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Quoting Richard Sandiford <>:

Joern Rennecke <> writes:

So, if we want to go with a declarative approach, each instruction can have
a plurality of variants, each described by a size, an instruction fetch
alignment base, an instruction fetch alignment offset set, a cache line base,
a cache line offset set, a cost as a branch destination - cached,
a cost as a branch destination - uncached, a fall-through predicted cost,
a fall-through mispredicted cost, a branch-taken-predicted cost,
a branch-taken-mispredicted cost.
Or, if we want to get into more detail, we should actually have a scheduler
instruction reservation descriptions instead of singular costs.

A variants availability and costs will depend on branch offsets,
the presence, kind and size of delay slot instructions and further
length-sensitive context (like the set of paths from the function entry,
with aggregate instruction fetch sizes and probabilities), so you have
to call a target hook each iteration to get the currently available set
of variants.

Then you have to see this in the context of relative execution frequencies
(for cached/uncached branch destinations), and branch probabilities and
the reliability of the probability information, and to-be-added annotations
about branch predictability. to arrive at a near-optimal solution in
reasonable time.

Hey, I wasn't suggesting anything like that :-) I was just asking about alignment. It seemed to me that part of the problem is that ARC wants to increase the length of an instruction in order to align a following instruction (which I agree is a useful thing to support). But as things stand, shorten_branches has no way of distinguing that from an instruction that was forced to grow because of offsets being out of range.

It takes a lot of effort to change the interface of an existing hook that requires in-depth target knowledge to understand the ramifictions of the target's settings. OTOH it is impossible to anticipate all the things that various targets - or even your own, as it evolves over time - will want from the interface in the future.

Therefore, I think we want an interface that naturally supports extensibility
while supporting backward compatibility.

My current plan is to have one hook to be called at the start of

This hook gets passes a pointer to a zeroed out data structure.
The target may fill in various fields, some of them, or leave them all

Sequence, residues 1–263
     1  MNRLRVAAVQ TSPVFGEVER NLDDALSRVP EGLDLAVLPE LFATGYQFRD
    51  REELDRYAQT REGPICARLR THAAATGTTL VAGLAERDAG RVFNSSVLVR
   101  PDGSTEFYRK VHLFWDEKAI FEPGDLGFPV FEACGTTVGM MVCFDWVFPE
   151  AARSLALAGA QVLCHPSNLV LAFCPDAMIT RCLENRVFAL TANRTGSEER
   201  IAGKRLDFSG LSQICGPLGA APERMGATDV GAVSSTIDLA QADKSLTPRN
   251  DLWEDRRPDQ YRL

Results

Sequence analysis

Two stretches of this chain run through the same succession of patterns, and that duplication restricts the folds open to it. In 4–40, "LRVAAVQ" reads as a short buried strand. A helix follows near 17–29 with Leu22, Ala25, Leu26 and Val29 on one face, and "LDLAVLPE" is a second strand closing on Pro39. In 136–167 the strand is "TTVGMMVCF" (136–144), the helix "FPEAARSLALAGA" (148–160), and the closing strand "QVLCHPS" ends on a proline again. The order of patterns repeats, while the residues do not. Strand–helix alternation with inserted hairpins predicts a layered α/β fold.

blank.  Some fields might indicate that other fields are valid, and thus
have to be populated with valid data.
I'll refer to this hook for now as TARGET_INSN_LENGTHS_PARAMETERS,
and type that the passed pointer points to as  insn_length_parameters_t.

The return value is a pointer to a function, to be used for adjusting
instruction length in the place of ADJUST_INSN_LENGTHS - and where it
is missing, or zero if no such functionis required.
(I first thought of having separate target hooks for everything, but then
 I realized that'd just be a waste of space in struct gcc_target.)

I can make a simple ADJUST_INSN_LENGTH backward-compatible targhooks.c
implementation, or a full conversion - but please don't make me waste
another day implementing and testing the latter only to throw it away

One setting that I want to support for ARC is setting an alignment
unit size and left shift, and a function pointer to be called on each
instruction to provide instruction variants with various alignment offsets
(0 or 1 times unit size 2), sizes, fall-through costs, and branch-taken
costs, and branch-target costs.

The instruction alternatives would have to be allocated zeroed
(or provied zeroed - I haven-tworked thisoutyet) and
flags set before by TARGET_INSN_LENGTH_PARAMETERS might indicate
additional things that the port is cognizant about and fill in data
for in the instrution alternatives.
Thus, ports that provide additional information could be catered for
with refined algorithms while other ports that don't provide this
information get sensible defauls for the not provided data.

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